Israelis 'not happy' with choices Peres and Netanyahu in virtual dead-heat


TEL AVIV, Israel -- Israelis face tomorrow's national election at loggerheads over who will lead the country, but in broader agreement that they are not thrilled with either choice.

Despite slick ad blitzes modeled after U.S. campaigns, the two contenders for prime minister have largely failed to overcome initial suspicions by voters that both are flawed candidates.

"I'm really not happy about this," said Elan Fisher, 27, a factory manager. "I don't trust one of the candidates, and the other doesn't suit me."

Prime Minister Shimon Peres, now in virtually a dead-heat with challenger Benjamin Netanyahu in the prime minister's race, yesterday called tomorrow's vote "the most crucial elections in the history of the state of Israel."

With only a slight discount for hyperbole, many Israelis agree. The election may determine if calm or conflict will rule the Middle East. But the gravity of the issues and the import of the rhetoric still have failed to inspire many voters.

Some 80 percent to 90 percent of eligible Israelis will vote tomorrow; Unlike in the United States, it is virtually unthinkable not to. But many here will troop to the polls with no enthusiasm in their step.

"In Israel, you don't vote for the best, you vote against the worst," complained Adva Hova, 24, a hospital technician and Peres supporter.

"Nobody's good. Not Peres. Not Netanyahu," agreed her friend, Sara Rosenberg, 24, who said she probably will vote for the Likud candidate, Netanyahu.

Many Israelis say Peres, who is running as the incumbent by default after the assassination of Prime Minister Yitzhak Rabin, has not fully overcome a careerlong image problem of being too weak with Arabs and untrustworthy.

Netanyahu comes across to some Israelis as being too slick, too packaged and too ambitious.

The lack of enthusiasm by the voters is reflected in the tepid pitch of the campaign. Israeli commentators have called it dull, boring and lifeless.

A lackluster campaign was surprising, given the high drama of recent life in Israel, which has lurched from a wrenching assassination to suicide bombings to a mini-war waged on Lebanon.

But once out of Jerusalem, where the political air is typically heated, the election takes on a less fevered tenor. Here, in Tel Aviv, the sweat of early summer drains the passion from political rhetoric. By the idle sea, speeches about tomorrow's Israeli election begin to sound like the annoying buzz of beach flies.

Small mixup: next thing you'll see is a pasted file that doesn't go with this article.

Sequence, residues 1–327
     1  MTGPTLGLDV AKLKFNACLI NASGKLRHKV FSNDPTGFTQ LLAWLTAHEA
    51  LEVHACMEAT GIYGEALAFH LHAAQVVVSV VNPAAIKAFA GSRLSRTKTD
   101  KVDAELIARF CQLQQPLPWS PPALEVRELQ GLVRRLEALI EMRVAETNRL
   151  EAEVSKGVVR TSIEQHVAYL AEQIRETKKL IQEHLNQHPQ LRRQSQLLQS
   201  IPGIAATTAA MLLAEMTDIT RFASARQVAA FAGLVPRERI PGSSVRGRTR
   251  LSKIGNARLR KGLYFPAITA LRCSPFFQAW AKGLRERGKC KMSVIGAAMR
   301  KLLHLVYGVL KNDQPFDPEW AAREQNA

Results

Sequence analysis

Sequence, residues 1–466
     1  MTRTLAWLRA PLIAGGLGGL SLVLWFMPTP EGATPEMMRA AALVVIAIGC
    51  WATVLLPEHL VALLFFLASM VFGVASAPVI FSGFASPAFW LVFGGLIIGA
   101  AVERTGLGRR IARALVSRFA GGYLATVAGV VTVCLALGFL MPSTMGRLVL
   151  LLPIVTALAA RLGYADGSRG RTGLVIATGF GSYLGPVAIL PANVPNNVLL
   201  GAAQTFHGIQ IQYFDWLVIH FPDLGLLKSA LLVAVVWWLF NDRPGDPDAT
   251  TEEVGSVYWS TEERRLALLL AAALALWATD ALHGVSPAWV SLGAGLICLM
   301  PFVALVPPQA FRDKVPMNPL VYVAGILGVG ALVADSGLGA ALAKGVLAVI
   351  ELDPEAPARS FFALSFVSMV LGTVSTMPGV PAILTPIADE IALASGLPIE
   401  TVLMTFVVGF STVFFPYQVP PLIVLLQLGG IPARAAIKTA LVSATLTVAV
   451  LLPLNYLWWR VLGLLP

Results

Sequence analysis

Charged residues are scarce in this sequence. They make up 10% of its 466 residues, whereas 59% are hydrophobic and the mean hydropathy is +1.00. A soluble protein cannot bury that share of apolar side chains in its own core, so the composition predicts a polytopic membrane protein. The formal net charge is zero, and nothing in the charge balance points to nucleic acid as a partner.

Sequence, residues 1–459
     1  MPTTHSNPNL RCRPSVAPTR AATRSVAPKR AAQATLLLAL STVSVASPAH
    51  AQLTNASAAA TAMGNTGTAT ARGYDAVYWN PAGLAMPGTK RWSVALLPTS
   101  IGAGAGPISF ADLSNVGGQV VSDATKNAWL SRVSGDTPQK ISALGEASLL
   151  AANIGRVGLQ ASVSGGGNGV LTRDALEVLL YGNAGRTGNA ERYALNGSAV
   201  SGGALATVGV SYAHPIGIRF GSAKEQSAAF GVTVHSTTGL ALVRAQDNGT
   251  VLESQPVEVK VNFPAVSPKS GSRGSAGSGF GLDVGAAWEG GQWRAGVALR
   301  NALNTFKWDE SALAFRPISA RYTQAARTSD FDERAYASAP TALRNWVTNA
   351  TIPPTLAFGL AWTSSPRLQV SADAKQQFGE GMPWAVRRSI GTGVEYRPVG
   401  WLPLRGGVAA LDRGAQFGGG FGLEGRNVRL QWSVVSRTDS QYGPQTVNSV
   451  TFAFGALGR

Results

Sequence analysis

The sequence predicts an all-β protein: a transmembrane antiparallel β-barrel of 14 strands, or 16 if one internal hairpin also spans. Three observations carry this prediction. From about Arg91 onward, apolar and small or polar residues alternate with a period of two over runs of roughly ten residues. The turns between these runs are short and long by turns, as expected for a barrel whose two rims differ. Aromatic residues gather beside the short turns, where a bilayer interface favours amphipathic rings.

This has been a tame campaign by Israeli standards. In past elections, fistfights were regular features of political rallies.

This campaign passed with just one Labor election worker shot in the leg by a Likud rival. "The bullets always fly from right to left," say the liberals, with a certain smugness.

Perhaps the relative quiet of this campaign is the consequence of the Rabin assassination, and its sobering demand to look in the mirror at Israeli violence.

Or perhaps, as one commentator suggested, most Israelis now have cable TV and they have turned into couch potatoes. Or perhaps neither candidate excites anyone enough to throw a punch.

"In the last election, I worked in a voting booth, but this year I'm not even going to vote," said Irit Avregel, 23, a secretary. "The politicians just talk. They don't do anything."

Even many of those with a choice say they backed into it.

"I have to blame somebody," said Joseph Shor, a pharmacist near the Dizengoff Center in downtown Tel Aviv, explaining why he will vote against incumbent Peres. He is still grappling with the financial consequences of a Palestinian bomb blast outside his store March 4 that killed 13 persons and shattered his pharmacy.

Yuri Stettner, 60, was more glum. He sat at a sidewalk cafe on the corner where the Dizengoff bomb went off. He is an artist, and looks the part: gray hair swept back, hands peeling from the solvents for his oils, cigarette in a small cigarette holder, and an expressed longing for Paris.

"I think if the right wing wins, the peace process is over," he said. "If that happens, I'll think about going back to France."

There are True Believers. Pazit Ashkenazi is one. The 26-year-old Likud activist wants nothing more than to mobilize the campaign workers tomorrow to get out the vote.

She has been working for Likud bloc elections for 10 years, she said. As she talks, amid the quiet hum of activity at the 14-story Likud headquarters, she punches the air with a cheerleader's chop and virtually swoons in sincerity.

"To make people believe, they have to believe with their heart. I can make them do that," she said.

But even she admits that this election lacks the fire of previous campaigns.

"In 1988 and in 1992, people were hyped-up. You could see it in their eyes. This place was a beehive. Now, because the priority is the media, people are not so enthused."

Nearby, in the more modest Labor Party headquarters, Ariela Admon, 58, spends 12 hours a day in a cramped office, surrounded by a flurry of paper and ringing phones.

She is a traffic controller for campaign volunteers, trying to get people where they are needed, cars where they must be, coordinate banners and stickers and poll watchers and a myriad of other details. She does it for free.

"To be honest, I don't really admire Peres as a person that much," she admitted.

"But I like his politics.

"And, after the Rabin assassination, I had to do something."

Pub Date: 5/28/96

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